Query Complexity: From Theory of Evolutionary Algorithms to Mastermind
How much do I need to know about a problem to be able to solve it optimally? This question is not so much of an algorithmic nature, but rather pertains to the area of query complexity, which (together with communication complexity and coding theory) considers the fundamental problems of the handling of information.
However, almost every child knows a simple problem of query complexity, namely the game Mastermind. In this game, a player tries to guess the secret color code that the other players have arranged out of four pegs with six possible colors. With each guess, the first player learns the number of positions where the guess agrees with the secret code, but not which positions those are. The challenge in Mastermind is to find the secret code, using this limited information, in as few guesses as possible.
Computer science is interested in problems of query complexity for various reasons. One is that query complexity is clearly a fundamental measure of the difficulty of obtaining sufficient information about an unknown object. It is thus a central concept in theoretical computer science.
Mastermind: an everyday example from the area of query complexity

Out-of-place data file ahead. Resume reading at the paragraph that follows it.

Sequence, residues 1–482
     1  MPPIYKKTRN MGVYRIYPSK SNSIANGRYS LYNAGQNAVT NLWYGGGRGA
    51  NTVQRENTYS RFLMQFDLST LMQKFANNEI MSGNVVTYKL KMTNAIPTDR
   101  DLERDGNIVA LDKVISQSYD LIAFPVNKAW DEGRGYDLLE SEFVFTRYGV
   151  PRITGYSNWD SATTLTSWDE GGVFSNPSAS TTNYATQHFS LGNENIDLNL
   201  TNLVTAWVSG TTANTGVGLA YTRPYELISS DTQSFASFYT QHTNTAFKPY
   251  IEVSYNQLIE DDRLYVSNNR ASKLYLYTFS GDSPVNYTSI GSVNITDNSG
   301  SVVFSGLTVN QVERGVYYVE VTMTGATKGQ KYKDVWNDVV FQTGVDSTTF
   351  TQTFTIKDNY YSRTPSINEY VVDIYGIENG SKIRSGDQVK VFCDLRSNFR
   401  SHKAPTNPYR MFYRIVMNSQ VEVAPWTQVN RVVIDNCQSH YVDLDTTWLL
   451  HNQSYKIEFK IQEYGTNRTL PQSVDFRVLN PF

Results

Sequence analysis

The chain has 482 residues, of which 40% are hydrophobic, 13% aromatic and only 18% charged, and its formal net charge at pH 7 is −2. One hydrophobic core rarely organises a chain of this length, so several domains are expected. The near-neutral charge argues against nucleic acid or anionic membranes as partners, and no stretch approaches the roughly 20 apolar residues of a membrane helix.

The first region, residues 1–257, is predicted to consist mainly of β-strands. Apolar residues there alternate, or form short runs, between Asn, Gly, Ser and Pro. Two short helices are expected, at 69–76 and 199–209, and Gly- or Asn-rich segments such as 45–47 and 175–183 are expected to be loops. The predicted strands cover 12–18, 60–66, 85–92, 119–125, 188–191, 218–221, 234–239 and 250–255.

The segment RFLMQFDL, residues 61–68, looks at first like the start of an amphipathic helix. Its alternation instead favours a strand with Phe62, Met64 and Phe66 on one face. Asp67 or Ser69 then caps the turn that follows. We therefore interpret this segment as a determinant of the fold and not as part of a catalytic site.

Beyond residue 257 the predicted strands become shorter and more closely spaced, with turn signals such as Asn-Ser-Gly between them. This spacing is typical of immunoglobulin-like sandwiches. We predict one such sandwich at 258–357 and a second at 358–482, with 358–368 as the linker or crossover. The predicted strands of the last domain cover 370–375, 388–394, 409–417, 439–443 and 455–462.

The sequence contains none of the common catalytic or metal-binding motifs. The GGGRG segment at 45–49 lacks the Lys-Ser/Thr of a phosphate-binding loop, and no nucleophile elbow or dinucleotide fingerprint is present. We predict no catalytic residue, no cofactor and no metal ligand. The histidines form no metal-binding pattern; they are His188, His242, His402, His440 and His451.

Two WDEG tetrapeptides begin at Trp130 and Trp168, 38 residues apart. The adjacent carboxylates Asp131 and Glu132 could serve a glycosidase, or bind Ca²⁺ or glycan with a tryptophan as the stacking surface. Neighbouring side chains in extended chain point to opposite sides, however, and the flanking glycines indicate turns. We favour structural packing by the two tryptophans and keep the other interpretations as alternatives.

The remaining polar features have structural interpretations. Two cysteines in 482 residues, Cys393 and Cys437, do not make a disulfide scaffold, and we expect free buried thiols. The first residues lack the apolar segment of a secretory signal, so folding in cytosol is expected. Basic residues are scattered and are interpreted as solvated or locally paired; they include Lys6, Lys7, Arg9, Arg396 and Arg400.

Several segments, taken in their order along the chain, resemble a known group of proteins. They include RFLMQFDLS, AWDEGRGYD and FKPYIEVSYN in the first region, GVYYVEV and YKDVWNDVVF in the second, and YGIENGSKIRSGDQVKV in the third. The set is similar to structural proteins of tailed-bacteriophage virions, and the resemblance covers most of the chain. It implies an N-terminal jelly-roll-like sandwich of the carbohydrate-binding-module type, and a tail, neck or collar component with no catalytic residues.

In addition to a foundationally-based interest, there are also practical grounds for the investigation of query complexities. Evolutionary algorithms and other randomized heuristics attempt to solve problems using generic methods. They have no access to an explicit problem statement; instead, they obtain information about the underlying problem only by generating and assessing possible solutions. Therefore, an evolutionary algorithm for a problem cannot be better than the corresponding query complexity.
Confidentiality issues can also lead to query complexity problems, the focus here naturally being that the unknown information cannot be discovered through the queries. An example of such a problem is the comparison of genetic data. Nobody wants their genetic information to be accessible to others. Therefore, in the comparison of two genome sequences, for example, only vague information about the similarity of the two sequences is disclosed. Just as in the Mastermind game, the question is again posed, how much of this vague information would suffice for the gene sequence to be unlocked.
Aside from fundamental results, our most recent efforts have also yielded an entertaining result, namely the current best strategy for the generalized Mastermind game with n colors and n positions. While up to now different strategies were known for guessing the code in approximately n log(n) questions, in our new strategy, approximately n log(log(n)) questions suffice. Even though this does not yet definitively solve the problem (the best lower bounds imply that one needs at least n questions), our result is nonetheless a great advance on a problem that has fascinated mathematicians and computer scientists for more than 30 years.
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